Fly Fishing for Women – Beginner’s Guide to Wading

I’ve met several women who tell me they would like to fly fish, but they’re afraid to wade in the water.

But fly fishing doesn’t have to involve slogging against the river current. In fact, that’s not the norm despite what you might see in promotional images – men standing waist-deep!  

It’s a myth that fly fishing anglers need to stand waist-deep in fast-flowing water to catch trout.

It may get into a better position, but there is a lot more to fly fishing than battling the river elements.

Do you need to wade to fish for trout?

Trout live in big rivers, small streams and lakes, which means there is lots of choice of where to fish.

Trout needs security and a food source. They get this by laying in quieter pockets of water near food sources such as aquatic insects floating downstream in the current, while not moving too far so they save energy.

This means that you can fish for trout in a wide range of water conditions. Many of which do not involve deep wading.

While you may get your feet wet, you usually don’t need to do much more than that to catch fish.

Fun Fact:
In New Zealand, the Fish & Game Council provides a map detailing the "Park & Cast" locations. This makes fly fishing easily accessible for less mobile and for families.

Is fly fishing safe?

Fly fishing is safe if you spend a little time learning a few basics about water safety and have the right gear, which doesn’t have to be expensive.

At the same time, anglers can get into trouble if they fall or when wading in fast currents. Like any water sport, it pays to respect the power of the water.

As a beginner, fly fishing can be overwhelming to start because there is so much to learn. That’s true, but it’s also what keeps people in the sport.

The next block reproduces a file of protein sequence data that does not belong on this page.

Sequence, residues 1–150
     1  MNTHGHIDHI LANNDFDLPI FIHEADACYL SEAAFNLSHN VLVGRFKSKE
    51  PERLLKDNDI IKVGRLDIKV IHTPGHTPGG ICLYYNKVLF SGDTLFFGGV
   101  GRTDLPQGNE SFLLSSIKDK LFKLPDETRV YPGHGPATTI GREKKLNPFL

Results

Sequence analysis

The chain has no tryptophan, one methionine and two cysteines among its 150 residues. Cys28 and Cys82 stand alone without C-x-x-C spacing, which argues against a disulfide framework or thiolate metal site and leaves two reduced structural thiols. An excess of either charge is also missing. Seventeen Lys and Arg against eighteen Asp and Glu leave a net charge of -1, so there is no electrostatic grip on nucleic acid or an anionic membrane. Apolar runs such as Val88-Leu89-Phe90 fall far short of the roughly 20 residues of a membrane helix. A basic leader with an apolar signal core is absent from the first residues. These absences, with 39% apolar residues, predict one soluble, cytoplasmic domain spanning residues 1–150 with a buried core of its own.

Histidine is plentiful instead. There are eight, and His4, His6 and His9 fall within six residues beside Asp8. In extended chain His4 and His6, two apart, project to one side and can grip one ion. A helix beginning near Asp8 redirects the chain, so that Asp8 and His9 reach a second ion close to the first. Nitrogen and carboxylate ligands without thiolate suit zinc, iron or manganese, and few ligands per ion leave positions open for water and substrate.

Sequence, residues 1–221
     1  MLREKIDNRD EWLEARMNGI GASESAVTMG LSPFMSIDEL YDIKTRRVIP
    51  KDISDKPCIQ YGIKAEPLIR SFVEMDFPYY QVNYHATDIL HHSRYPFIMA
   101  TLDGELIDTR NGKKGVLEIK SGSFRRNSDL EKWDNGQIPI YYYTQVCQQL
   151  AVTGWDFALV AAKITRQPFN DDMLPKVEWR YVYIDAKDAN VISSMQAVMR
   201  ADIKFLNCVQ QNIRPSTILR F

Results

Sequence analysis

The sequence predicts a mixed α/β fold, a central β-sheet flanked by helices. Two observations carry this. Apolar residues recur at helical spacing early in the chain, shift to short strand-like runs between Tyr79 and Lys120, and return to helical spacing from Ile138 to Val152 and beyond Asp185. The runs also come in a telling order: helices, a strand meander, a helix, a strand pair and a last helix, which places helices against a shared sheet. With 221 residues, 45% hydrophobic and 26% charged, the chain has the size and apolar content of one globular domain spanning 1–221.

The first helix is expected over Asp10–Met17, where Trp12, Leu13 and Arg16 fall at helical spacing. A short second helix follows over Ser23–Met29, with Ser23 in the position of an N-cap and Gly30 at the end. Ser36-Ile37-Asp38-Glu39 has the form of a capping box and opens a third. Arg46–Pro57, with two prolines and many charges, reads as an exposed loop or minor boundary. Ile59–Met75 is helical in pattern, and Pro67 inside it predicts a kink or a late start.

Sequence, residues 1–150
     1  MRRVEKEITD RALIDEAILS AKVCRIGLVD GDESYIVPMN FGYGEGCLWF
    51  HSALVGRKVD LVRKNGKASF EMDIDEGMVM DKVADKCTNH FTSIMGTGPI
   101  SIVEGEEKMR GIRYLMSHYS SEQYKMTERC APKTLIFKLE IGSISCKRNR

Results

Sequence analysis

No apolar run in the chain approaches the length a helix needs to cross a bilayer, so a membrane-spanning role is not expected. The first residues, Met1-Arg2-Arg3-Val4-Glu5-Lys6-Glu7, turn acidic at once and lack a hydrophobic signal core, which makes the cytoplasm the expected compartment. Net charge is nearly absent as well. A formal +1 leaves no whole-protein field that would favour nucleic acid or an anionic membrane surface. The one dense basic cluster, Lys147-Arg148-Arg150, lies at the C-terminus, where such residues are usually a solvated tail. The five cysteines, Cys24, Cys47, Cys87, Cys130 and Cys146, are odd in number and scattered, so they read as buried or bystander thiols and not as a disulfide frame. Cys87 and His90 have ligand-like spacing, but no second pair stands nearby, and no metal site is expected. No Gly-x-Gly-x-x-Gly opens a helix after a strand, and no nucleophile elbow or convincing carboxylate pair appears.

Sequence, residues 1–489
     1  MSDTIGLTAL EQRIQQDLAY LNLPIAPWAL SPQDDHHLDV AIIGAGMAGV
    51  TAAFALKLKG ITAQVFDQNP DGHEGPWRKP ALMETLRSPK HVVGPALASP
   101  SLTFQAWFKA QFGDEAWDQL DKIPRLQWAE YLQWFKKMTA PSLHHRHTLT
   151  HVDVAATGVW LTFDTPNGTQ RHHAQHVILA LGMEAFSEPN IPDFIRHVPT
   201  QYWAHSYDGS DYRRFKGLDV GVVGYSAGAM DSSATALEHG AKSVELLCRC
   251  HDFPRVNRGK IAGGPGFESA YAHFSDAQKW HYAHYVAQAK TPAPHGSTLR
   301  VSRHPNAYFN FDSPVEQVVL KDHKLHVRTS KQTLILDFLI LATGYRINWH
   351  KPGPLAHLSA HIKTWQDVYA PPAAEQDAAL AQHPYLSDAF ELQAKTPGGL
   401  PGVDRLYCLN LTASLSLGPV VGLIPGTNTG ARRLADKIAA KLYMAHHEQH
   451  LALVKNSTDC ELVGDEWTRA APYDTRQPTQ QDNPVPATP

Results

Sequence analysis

To start, you can fish where you don’t need to wade, then later add some knowledge about fishing in deeper, faster waters and wading. 

As an experienced hiker and swimmer, you may already know much of the information needed for safe wading. 

But when you start out, there are many ways you can get the extra knowledge needed.

Learn from others

Join your local fly fishing club, or an online community like United Women on The Fly

Clubs and communities offer introductory courses on fly fishing, including what you need and the techniques for beginners.

Hire a professional guide

Many professional guides are accredited.  

They will teach you where to fish, so you don’t need to wade waist-deep as well as how to wade safely.


Some excellent videos put out by fishing tackle suppliers – motivated to keep their customers alive! 

Here’s one by Manic Tackle on the infamous Tongariro River here in New Zealand.

How to Wade Safely

Here’s a series of six safety videos from Simms

Simms Wading Safety

Here’s the Orvis version

Safe Wading Tips with Tom Rosenbauer

Do I need a wading staff for fly fishing?

Carrying and using a wading staff is the best practice for all fly fishers. You never know when you might need support to manage in deeper water and faster currents.

As a woman in my 60s, I use a hiking pole at all times. Extra support is handy for walking the trails on river banks, as well as wading.  

Using a hiking pole gives me the confidence to go to places I wouldn’t go without it. 

But mostly, anglers carry a wading pole in a holster and only get it out when they think the river conditions demand it.

This means you assess the situation each time you wade.